[I learned about Scary Ideas from Jim and Michele McCarthy — PE] I’m volunteering a couple mornings a week in a high school computer science class . . . “The main thing I wanted to tell you is that you’ve got to say your ideas out loud . . . “A scary idea is not an idea that’s going to scare people when they hear it, it’s an idea that you don’t want to say because you’re afraid of how people will react to it. Maybe they’ll think you’re crazy. “Here’s a couple examples of scary ideas. “You recognize the speaker in this video?” Everyone does. “Ok, let’s see what he has to say.” I believe that this nation should commit itself to achieving the goal, before this decade is out, of landing a man on the moon and returning him safely to the earth. “Keep in mind that he’s… Read more →
EppsNet Archive: Science Fiction
The Matrix is 75 percent juvenile philosophizing and 25 percent sci-fi action. Someone must have told the Wachowski brothers (now the Wachowski sisters) that they’re a lot smarter than they really are because the movie would have been much better with 25 percent juvenile philosophizing and 75 percent sci-fi action. Rating: The Matrix Director: Lana Wachowski, Lilly Wachowski Cast: Keanu Reeves NeoLaurence Fishburne MorpheusCarrie-Anne Moss TrinityHugo Weaving Agent Smith IMDb rating: ( votes) Read more →
As a kid, one of my hobbies was card tricks. When I started learning card tricks, I had the misconception that the quality of a trick was proportional to how difficult it was to perform. Hard tricks = good, easy tricks = lame. Today I can perform exactly zero card tricks. I don’t remember even one. What I do remember though is the general principle that the quality of a trick depends on the effect – what the audience sees – and not at all on how the trick is done. An audience doesn’t know or care if you’ve practiced a trick for years or if you just learned it five minutes ago. The principle applies to things other than card tricks. You can read on IMDb and elsewhere about the technological challenges that had to be overcome in making Gravity. The state-of-the-art cinematography and visual effects would not have… Read more →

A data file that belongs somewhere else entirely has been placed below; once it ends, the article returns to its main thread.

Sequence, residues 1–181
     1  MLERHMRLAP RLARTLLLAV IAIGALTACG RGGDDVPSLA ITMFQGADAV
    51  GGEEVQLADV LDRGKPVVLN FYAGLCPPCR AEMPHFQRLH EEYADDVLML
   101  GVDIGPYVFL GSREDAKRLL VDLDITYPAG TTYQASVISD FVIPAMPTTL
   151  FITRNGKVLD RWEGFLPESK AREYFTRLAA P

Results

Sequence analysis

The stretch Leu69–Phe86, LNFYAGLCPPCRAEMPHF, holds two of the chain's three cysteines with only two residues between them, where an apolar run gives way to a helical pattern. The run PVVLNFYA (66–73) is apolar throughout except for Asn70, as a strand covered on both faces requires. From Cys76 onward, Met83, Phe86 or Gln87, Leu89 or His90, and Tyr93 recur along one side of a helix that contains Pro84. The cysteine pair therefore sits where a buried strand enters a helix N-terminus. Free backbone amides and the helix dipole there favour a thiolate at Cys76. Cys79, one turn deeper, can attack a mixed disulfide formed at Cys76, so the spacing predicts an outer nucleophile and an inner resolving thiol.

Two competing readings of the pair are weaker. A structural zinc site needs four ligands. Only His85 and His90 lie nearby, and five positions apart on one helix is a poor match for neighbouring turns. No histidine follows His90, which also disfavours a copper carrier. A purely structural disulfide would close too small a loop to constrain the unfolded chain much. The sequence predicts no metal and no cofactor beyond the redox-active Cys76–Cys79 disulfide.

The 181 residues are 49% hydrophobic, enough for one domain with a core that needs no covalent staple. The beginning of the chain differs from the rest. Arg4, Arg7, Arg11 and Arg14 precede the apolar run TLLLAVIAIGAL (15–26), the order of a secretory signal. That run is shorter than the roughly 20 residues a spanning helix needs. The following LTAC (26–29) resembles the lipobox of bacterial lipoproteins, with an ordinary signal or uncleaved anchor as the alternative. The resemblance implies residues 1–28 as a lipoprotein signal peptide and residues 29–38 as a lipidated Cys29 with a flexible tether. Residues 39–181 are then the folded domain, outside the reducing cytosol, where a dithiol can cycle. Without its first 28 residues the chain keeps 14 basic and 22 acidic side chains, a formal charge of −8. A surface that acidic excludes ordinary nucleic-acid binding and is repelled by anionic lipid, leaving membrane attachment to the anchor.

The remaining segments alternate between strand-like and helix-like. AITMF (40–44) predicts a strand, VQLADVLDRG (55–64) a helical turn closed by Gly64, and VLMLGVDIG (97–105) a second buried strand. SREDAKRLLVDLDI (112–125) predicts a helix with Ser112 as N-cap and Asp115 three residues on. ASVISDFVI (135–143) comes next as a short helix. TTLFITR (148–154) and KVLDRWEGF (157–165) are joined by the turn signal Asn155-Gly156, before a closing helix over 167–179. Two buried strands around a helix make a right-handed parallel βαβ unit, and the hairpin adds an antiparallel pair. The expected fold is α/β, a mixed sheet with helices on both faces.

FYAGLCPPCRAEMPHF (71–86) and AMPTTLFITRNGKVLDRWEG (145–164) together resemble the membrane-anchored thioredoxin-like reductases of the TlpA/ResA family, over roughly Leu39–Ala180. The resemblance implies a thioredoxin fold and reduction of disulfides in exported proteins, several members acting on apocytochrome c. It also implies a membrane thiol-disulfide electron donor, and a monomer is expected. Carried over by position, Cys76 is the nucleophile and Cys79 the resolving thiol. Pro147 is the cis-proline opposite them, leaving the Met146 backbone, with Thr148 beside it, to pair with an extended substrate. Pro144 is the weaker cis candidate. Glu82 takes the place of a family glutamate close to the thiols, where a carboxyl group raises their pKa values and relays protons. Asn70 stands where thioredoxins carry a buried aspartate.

According to this recently published research paper, women aren’t interested in computer science because of media portrayals like “The Big Bang Theory,” in which technologists are depicted as socially awkward, interested in science fiction and video games and physically unattractive. If that seems like a compelling line of reasoning, you can read a more complete write-up in this WSJ.com article. What I’ve never been able to figure out is why people are so interested in why women aren’t interested in computer science . . . Read more →
This is the world we live in now. It’s one where computers improve so quickly that their capabilities pass from the realm of science fiction into the everyday world not over the course of a human lifetime, or even within the span of a professional’s career, but instead in just a few years. — Erik Brynjolfsson and Andrew McAfee, Race Against The Machine Read more →
I’ve seen things you people wouldn’t believe. Attack ships on fire off the shoulder of Orion. I watched c-beams glitter in the dark near the Tannhauser Gate. All those moments will be lost in time, like tears in rain . . .